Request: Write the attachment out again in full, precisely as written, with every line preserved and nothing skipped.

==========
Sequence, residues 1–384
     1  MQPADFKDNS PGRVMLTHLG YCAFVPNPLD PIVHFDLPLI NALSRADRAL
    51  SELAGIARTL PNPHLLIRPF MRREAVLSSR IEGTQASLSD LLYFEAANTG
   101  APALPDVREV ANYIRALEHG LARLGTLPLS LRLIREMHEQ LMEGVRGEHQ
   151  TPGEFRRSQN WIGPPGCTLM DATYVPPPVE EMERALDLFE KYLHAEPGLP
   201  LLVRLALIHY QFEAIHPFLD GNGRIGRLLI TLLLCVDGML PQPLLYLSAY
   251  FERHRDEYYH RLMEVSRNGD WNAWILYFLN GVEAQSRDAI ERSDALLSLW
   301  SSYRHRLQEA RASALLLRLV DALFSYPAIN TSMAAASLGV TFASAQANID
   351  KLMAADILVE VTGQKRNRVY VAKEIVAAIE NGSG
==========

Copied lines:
Sequence, residues 1–384
     1  MQPADFKDNS PGRVMLTHLG YCAFVPNPLD PIVHFDLPLI NALSRADRAL
    51  SELAGIARTL PNPHLLIRPF MRREAVLSSR IEGTQASLSD LLYFEAANTG
   101  APALPDVREV ANYIRALEHG LARLGTLPLS LRLIREMHEQ LMEGVRGEHQ
   151  TPGEFRRSQN WIGPPGCTLM DATYVPPPVE EMERALDLFE KYLHAEPGLP
   201  LLVRLALIHY QFEAIHPFLD GNGRIGRLLI TLLLCVDGML PQPLLYLSAY
   251  FERHRDEYYH RLMEVSRNGD WNAWILYFLN GVEAQSRDAI ERSDALLSLW
   301  SSYRHRLQEA RASALLLRLV DALFSYPAIN TSMAAASLGV TFASAQANID
   351  KLMAADILVE VTGQKRNRVY VAKEIVAAIE NGSG